Keeping Patients Safe 2015-09-15T12:42:15+00:00

Safety In Numbers

By Kate Franks

Melinda Barbee, RN, is one
of the trained staff members
at UAMS who assess
patients for fall risk and
then implement appropriate
measures to ensure they
don’t fall while at
the hospital.

Falling became part of American pop culture
humor in the early 1990s with the line “I’ve fallen and
I can’t get up!” from a TV commercial for a medical
alarm company.

Falls are no laughing matter at UAMS Medical Center
– or any hospital – where the average additional cost of
an injury sustained from a fall is nearly $25,000.
With the stakes so high, most hospitals have protocols,
policies and measures in place to prevent falls. Yet, they
happen every day at hospitals around the world.

For decades, UAMS was like most other hospitals,
taking precautions, offering staff training and monitoring
falls. The numbers varied a little month-by-month, but
nothing was really working to dramatically decrease the
number of patients who fell while in the hospital.

That is, until January 2010 when Clinical Services
Manager Amy Hester, R.N., and
Advanced Practice Partner Dees Davis,
R.N., implemented the research project
they had been working on for nearly a
year and a half. Their research resulted in
the Hester-Davis Scale, a risk-assessment
tool that identifies patients most likely to
fall, and, more specifically, the reason for
the fall risk and appropriate interventions
for the nurse to implement.

Use of the Hester-Davis scale resulted
in a 20 percent decrease in the number of
falls across the hospital and a 40 percent
decrease in injuries in six months beginning in March
2011. “These results are phenomenal in the world of
patient quality statistics,” said Dr. Nicholas Lang, medical
director for UAMS Medical Center. “Amy and Dees are
great examples of our constant work to improve patient
safety, and their research has had a positive impact not
only on patients at UAMS but at other hospitals around
the country.”

“We presented the results of our pilot project at a
national safety conference last fall, and it just went viral,”
said Hester. “It spread so fast we couldn’t keep track of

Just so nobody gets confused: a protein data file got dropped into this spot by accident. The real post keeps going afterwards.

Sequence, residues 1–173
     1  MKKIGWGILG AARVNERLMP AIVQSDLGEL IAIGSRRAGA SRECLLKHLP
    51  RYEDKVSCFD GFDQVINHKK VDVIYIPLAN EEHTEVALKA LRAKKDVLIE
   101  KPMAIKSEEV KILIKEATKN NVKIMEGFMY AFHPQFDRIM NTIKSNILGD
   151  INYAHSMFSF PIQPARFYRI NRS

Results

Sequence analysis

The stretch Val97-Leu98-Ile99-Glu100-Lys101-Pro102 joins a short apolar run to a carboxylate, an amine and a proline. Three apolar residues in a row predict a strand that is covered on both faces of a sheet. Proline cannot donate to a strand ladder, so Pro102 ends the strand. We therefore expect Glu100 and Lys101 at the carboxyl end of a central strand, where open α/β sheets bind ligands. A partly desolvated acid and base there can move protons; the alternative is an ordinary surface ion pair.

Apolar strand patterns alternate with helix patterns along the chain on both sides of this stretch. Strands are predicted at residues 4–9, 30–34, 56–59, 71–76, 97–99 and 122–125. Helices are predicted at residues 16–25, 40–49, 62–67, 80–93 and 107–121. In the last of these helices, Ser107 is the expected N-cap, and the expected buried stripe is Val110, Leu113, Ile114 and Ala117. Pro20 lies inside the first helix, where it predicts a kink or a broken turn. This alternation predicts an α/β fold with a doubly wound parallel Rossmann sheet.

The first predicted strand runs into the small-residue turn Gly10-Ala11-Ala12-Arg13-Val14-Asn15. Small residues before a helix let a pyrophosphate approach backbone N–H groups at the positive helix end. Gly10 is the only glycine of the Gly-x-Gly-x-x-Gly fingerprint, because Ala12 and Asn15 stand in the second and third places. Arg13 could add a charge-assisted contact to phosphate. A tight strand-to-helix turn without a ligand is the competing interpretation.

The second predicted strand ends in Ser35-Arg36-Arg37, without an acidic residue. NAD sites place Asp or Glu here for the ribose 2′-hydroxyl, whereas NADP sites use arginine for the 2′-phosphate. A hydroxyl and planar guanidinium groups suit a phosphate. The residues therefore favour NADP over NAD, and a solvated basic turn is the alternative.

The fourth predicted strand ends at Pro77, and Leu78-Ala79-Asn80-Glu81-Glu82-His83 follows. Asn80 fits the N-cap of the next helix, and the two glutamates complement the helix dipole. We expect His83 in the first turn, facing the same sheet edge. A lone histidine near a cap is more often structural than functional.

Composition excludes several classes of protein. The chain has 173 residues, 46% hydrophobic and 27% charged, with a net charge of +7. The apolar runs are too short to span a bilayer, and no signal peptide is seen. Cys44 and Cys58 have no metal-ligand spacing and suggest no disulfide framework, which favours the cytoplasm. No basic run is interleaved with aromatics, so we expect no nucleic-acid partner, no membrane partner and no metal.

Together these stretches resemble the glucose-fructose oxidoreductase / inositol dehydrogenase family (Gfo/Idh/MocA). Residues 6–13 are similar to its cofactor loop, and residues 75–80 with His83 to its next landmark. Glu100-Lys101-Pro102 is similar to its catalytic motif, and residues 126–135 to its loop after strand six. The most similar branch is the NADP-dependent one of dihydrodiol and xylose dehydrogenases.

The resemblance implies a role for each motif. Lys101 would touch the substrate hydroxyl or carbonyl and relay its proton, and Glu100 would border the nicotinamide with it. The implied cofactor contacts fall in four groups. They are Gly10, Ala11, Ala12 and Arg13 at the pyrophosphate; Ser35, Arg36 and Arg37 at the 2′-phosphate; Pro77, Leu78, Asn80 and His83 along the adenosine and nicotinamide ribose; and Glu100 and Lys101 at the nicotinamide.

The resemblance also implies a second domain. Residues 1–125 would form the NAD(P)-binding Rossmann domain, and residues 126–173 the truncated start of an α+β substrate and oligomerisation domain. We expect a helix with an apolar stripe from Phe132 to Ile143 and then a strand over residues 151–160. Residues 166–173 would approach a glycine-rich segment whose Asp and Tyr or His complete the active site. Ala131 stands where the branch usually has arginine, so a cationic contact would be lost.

all the facilities using it. We know of organizations in 20
states who’ve made inquiries directly from us, and there
are others who’ve adopted it based on the experiences of
these facilities without contacting us.”

The Hester-Davis Scale has nine sections and takes
about a minute to complete. The sections include age,
last known fall date, mobility, medications, mental status
and awareness, toileting needs, nutritional needs,
communication or sensory deficits and behavioral
issues. Based on the score, patients are identified as a fall
risk or not, and, if so, are categorized as high, medium
or low risk.

Once the scale is completed and the patient care
staff knows whether the patient is at risk for falling,
appropriate intervention measures can be put into place,
individualizing nursing care for the patient.

“The reason this program has been so successful is
because of our nursing staff’s commitment to qualitycare and because we live a culture of safety at UAMS,”
Hester said.

“We’ve learned through use of the Hester-Davis Scale
that it’s really important why the patient is at risk for falling,”
said Davis. “What works to help one patient may not work
for another. For example, patients who are impulsive are
typically not going to respond to bed
alarms that signal our nursing staff when
the patient gets out of bed. They usually
just ignore it and continue on. What
often works best for these patients is to
encourage family members to stay in the
room as much as possible, engage patients
in daily activities and encourage them to
express their feelings.”

The success of the Hester-Davis Scale
in an in-patient setting using paper forms
has motivated Hester and Davis to want
to make additional improvements and
expand application of the tool to other settings. “Our next
step is to test and validate our results in an environment
with electronic records rather than the paper forms we’ve
used so far,” explained Hester. “Then, the possibilities are
limitless. Just think of what this approach could mean in
an outpatient setting.

“Clinic staff can complete the form with the help of an
elderly patient’s family and caregivers to identify behaviors,
medications and other factors that can increase a patient’s
fall risk. With this information and an assessment of the
patient’s fall risk, we can provide strategies and resources
for the family to prevent falls at home.”

“And, it’s not just limited to falls,” adds Davis. “This
same approach can be used for lots of other health care
issues like allergy triggers or diabetes management.”

“We started this because we wanted to help our patients,”
said Hester. “And, based on the feedback we’ve received,
we know we’ve done the right thing. The possibility of
helping even more patients is very exciting.”